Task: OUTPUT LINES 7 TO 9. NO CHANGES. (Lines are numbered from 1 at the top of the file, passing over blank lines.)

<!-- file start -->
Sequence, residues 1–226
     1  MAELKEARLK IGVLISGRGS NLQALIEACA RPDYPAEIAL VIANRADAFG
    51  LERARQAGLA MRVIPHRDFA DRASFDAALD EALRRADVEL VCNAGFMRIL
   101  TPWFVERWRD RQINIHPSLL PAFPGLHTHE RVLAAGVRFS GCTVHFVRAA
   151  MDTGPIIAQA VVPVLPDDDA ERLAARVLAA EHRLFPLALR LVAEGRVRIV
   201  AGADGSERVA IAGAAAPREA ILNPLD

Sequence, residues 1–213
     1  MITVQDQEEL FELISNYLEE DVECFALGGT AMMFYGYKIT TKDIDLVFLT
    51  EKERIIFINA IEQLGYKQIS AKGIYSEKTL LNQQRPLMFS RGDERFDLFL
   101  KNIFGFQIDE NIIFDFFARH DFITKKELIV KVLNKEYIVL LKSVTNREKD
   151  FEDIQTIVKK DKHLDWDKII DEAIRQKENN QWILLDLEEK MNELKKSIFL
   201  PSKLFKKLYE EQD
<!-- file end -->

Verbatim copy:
Sequence, residues 1–213
     1  MITVQDQEEL FELISNYLEE DVECFALGGT AMMFYGYKIT TKDIDLVFLT
    51  EKERIIFINA IEQLGYKQIS AKGIYSEKTL LNQQRPLMFS RGDERFDLFL